My suggestion for anyone hoping to get into the books is to reserve some time at a frequency that feels manageable and find a section of a given volume that is interesting. Think of that time as creative deliberate practice. You are making the decision to spend some time (daily for example) on exploring an idea that you're not familiar with. Don't worry about application, focus on building the habit to consistently return to and the progress and application will definitely come through that.

    Like Jake, I fully agree that it's very important to have concrete and tangible goals with specific markers for improvement. I also think it's equally important to reserve some practice time for creative endeavors. This doesn't mean playing through things you already know. It means thinking and working through something that you're not good at but have a deep curiosity towards, without a specific goal or method in mind.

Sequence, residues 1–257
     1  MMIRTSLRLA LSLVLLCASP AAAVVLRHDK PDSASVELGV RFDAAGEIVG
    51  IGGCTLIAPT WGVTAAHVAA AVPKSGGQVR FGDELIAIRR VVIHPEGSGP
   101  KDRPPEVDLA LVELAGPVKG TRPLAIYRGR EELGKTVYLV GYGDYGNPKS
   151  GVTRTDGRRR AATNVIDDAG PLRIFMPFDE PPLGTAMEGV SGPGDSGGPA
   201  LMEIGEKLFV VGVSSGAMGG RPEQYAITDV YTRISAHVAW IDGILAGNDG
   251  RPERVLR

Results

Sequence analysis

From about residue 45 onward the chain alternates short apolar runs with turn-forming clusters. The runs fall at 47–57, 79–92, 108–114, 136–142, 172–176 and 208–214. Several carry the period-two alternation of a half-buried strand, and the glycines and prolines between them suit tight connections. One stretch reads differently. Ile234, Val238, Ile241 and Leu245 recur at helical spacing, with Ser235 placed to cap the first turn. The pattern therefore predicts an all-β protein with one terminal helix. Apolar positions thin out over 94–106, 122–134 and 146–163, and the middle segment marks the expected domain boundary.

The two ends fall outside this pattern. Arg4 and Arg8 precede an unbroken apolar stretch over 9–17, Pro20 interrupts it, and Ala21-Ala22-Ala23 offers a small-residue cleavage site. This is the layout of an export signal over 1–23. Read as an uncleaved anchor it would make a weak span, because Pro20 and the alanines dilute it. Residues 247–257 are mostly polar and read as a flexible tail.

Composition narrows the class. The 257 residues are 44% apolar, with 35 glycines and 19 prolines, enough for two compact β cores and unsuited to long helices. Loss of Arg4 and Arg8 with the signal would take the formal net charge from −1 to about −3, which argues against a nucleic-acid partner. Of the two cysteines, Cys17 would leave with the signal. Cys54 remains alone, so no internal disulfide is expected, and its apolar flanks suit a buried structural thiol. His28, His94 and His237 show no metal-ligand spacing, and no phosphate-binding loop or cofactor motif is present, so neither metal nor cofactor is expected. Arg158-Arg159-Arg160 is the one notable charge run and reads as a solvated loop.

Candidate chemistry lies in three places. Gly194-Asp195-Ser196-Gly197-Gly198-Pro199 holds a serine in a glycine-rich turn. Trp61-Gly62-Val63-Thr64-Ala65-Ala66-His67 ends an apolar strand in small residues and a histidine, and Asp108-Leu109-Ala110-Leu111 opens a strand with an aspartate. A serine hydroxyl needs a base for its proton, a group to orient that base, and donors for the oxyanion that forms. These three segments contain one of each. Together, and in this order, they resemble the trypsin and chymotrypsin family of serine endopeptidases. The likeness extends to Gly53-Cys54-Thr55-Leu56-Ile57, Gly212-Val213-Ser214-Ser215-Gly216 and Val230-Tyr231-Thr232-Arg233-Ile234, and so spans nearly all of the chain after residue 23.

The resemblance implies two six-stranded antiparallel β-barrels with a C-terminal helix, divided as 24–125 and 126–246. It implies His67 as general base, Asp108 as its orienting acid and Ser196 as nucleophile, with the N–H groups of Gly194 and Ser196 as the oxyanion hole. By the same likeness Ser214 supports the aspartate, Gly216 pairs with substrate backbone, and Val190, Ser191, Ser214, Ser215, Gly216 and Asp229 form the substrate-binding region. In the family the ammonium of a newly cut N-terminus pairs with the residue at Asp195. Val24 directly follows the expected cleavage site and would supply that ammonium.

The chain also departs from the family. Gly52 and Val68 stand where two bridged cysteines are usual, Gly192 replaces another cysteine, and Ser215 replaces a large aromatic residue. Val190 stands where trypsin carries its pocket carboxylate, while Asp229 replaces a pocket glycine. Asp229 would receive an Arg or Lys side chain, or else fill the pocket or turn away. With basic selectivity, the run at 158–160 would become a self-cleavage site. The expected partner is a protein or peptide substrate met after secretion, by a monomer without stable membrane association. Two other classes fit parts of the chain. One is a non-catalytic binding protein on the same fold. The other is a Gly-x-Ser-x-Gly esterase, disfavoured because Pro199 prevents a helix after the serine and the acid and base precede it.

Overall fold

I'm a firm believer that any time spent on the almanacs is time well spent. I no longer worry about applicability, partially because the time I've invested has demonstrated it, but also because it's time that consistently opens my eyes to how amazing harmony and voice-leading are. That's rewarding enough for me.

    I'll start being a more active participant and will definitely share some ways I've used this material!


  9. #908

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    That sounds like a plan. I think ATTYA is the standard go to tune but am happy to work with anything else that people might suggest.
    Fm7 Bbm7 Eb7 Abma7 Dbma7 Gm7b5 Cm7

    Dm7 G7 Cma7 Fma7 Bm7b5 Em7 Am7

    The song is cycle 4 with only a few exceptions.
    Above is the A section chords in bold and the rest of the cycle in plain text.

    One simple idea putting 2 chords in the place of one via cycle 3/6 which can delineate extensions, in combination with the original cycle 4.

    Fm7 Abma7 | Dbma7 Bbm7 | Eb7 Gm7b5 | Cm7 Abma7 |Dbma7 Fm7 |

    Fma7 Bm7b5 | Em7 *Gma7* | Cma7 ||

    *drawn from G major for lydian sound*

    My example above uses extensions 3 5 7 9.
    Continuing in cycle 3 also yields 5 7 9 11, 7 9 11 13,
    cycle 6 > 6 1 3 5 and 4 6 1 3.
    Cycles present paths of arrival.

    The modulations in the song are in 3rd relations:

    Ab > C > Eb > G > E > Ab

    Modulations or the act of linking common ground between keys is also an interesting area of study. Observing modulations in songs is always good and/or you can just go mechanical and play cycles between hybrid keys/scales. The latter allows exploration of how the chords of 2 keys interact.